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Google Sketchup - Come Along for the Ride #8: Putting in the legs and zooming and panning

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Blog entry by Betsy posted 07-23-2008 06:04 AM 1548 reads 0 times favorited 9 comments Add to Favorites Watch
« Part 7: Continuing the table - inserting guides and preparing for legs Part 8 of Google Sketchup - Come Along for the Ride series Part 9: The next progect »

Second try on this one. Had it almost done and it went into oblivion somewhere. Oh well – here we start again.

This is where we ended the last time.

Photobucket

So now it’s time to place the legs. This will be another exercise in redundancy. No copying and pasting – practice practice practice. :+)

We are going to work with the bottom left leg. You need to select your rectangle tool and move it to the corner of the two guide lines. When your tool hits the corner exactly a black inference dot will show up showing that you are at the intersection of the guides. Left click the mouse once and let go. push the mouse up about an inch or so and click again. Then type in 3,3 and Enter. This gives you the dimension of your leg.

Next select your push/pull tool, which is the same tool we used to give depth/thickness to the top.

One thing you have to remember about the push/pull tool is this—whatever it is hovering over will turn to a bunch of dots——that means the tool is ready to do something to that particular part of your project. Because of that you need to be sure that the tool is on top of the new rectangle/leg. Once you have it over the leg = left click and bring the leg up. Then type 29.25 in the VCB box and hit enter.

You should now have this.

Photobucket

Now we want to work on the top left leg. You can see that when you place your rectangle tool there that it is not as easy to get the intersection to come into view. This is like standing at your workbench and not being able to correctly see the part you are trying to work on. So you either walk around the bench or you move the project. In this case if you physically walk around the project all you’ll see is the back of your computer—- that won’t help—believe me. What you want to do is to pan and zoom.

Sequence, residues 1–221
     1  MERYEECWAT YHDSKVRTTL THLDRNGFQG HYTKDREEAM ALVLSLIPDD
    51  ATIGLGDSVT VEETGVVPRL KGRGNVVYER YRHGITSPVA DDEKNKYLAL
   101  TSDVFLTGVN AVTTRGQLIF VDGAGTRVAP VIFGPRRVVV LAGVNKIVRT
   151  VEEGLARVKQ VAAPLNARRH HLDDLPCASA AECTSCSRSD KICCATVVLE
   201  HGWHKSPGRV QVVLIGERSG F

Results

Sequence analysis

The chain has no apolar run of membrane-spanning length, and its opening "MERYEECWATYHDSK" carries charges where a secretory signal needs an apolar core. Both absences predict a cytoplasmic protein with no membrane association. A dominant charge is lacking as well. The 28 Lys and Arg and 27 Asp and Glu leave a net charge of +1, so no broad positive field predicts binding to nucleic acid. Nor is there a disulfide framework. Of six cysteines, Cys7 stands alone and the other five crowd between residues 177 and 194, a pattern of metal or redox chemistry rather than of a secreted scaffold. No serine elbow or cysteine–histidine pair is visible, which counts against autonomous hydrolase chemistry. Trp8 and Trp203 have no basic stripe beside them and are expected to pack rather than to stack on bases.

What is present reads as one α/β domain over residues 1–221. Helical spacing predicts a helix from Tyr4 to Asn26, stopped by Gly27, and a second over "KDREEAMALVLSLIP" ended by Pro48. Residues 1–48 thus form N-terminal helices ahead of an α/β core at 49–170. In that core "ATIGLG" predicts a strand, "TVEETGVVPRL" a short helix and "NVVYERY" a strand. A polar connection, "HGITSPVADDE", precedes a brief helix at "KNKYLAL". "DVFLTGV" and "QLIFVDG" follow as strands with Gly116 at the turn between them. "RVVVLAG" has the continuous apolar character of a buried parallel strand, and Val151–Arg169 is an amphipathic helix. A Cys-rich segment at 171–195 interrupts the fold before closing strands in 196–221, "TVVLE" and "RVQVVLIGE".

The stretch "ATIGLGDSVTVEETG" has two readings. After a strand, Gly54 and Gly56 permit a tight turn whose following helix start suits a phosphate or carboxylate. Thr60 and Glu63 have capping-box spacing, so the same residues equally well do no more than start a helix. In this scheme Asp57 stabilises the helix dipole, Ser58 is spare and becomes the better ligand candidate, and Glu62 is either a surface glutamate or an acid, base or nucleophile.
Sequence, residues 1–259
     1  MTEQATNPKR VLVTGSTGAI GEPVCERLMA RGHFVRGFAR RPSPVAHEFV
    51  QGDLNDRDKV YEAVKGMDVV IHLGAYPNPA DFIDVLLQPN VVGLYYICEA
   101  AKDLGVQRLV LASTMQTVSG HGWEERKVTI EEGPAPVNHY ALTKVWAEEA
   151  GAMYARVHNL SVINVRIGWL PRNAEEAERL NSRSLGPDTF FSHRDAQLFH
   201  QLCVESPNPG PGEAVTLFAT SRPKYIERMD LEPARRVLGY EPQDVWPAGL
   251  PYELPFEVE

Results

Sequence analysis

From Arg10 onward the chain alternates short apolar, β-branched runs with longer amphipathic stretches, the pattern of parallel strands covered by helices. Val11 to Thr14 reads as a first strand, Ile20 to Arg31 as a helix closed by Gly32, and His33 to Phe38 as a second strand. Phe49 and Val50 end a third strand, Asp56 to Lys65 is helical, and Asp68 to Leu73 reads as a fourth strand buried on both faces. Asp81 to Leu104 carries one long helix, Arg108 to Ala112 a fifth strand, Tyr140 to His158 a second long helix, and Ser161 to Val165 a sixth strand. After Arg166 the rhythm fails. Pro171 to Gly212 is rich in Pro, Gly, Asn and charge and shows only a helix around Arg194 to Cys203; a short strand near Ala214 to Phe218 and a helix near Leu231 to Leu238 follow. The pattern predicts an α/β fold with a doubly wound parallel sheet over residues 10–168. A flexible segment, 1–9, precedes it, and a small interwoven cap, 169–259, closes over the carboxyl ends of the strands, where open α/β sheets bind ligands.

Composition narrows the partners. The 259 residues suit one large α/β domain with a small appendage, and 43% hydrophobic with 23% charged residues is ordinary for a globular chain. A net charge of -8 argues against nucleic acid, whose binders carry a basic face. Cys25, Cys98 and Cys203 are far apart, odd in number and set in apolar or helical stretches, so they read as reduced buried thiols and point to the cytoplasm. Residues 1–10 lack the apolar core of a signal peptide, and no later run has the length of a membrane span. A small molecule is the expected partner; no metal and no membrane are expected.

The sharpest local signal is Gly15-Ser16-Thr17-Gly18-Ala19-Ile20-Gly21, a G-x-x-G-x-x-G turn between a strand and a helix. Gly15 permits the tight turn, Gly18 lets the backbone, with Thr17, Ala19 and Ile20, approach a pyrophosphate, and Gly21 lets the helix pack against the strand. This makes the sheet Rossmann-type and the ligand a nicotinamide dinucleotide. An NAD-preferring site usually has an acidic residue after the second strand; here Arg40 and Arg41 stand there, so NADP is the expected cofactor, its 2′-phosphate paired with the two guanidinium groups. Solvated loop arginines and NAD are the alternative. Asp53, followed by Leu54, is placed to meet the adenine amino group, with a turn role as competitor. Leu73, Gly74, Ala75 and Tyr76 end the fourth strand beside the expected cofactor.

I like to pan (use that ghostly hand) and move the project to the center of the screen and then I zoom in (using the scroll wheel on the mouse) until I get a good view.

This is what my screen looks like.

Photobucket

Now try getting your intersection inference to show up. Place your second leg just like the first. Then zoom an d pan some more until you get all four legs in place.

Photobucket

Now is a good time to learn the eraser function. You cannot use the Edit drop down menu for this part – you can only use the eraser. The eraser is the flat pink tool (7th from the left).

Before you go any further have you been saving your table progress? I’m assuming you are building with me and not just reading. Maybe, please.

So anyway – now is a good time to get rid of those guide lines. You do this two ways one simple one not so hard way. The simply way if you want all of your guides to go away is to go to the Edit menu on the tool bar and drop down and select delete guides and just like that they are gone.

However,what if you need to keep one or two guides and only need to erase one or two. Hummm you do that with the eraser tool and this is how that’s done.

Select the eraser tool bring it to the guide you want erased and left click near the guide – it should turn blue the click again – and it’s gone

So now we have an upside down table. That’s not much use to us. Use your pan and orbit tools to flip this table upright.

Photobucket

This is what we want to end up with.

Photobucket

Hope you all are getting a little something out of this. I know I am. All questions and comments welcomed.

-- Like a bad penny, I keep coming back!



9 comments so far

View lew's profile

lew

10034 posts in 2412 days


#1 posted 07-23-2008 06:13 AM

This is really starting to come together!

Thanks Betsy.

Lew

-- Lew- Time traveler. Purveyor of the Universe's finest custom rolling pins.

View Betsy's profile

Betsy

2914 posts in 2552 days


#2 posted 07-23-2008 06:16 AM

Thanks Lew you’re a good cheer leader!

-- Like a bad penny, I keep coming back!

View Martin Sojka's profile

Martin Sojka

1893 posts in 3129 days


#3 posted 07-23-2008 11:01 AM

Keep it up, Betsy… the word about your series is spreading ;)

View Brad_Nailor's profile

Brad_Nailor

2531 posts in 2614 days


#4 posted 07-23-2008 02:19 PM

Hey Betsy..
Your table is coming along nicely. As usual, I have a few observations.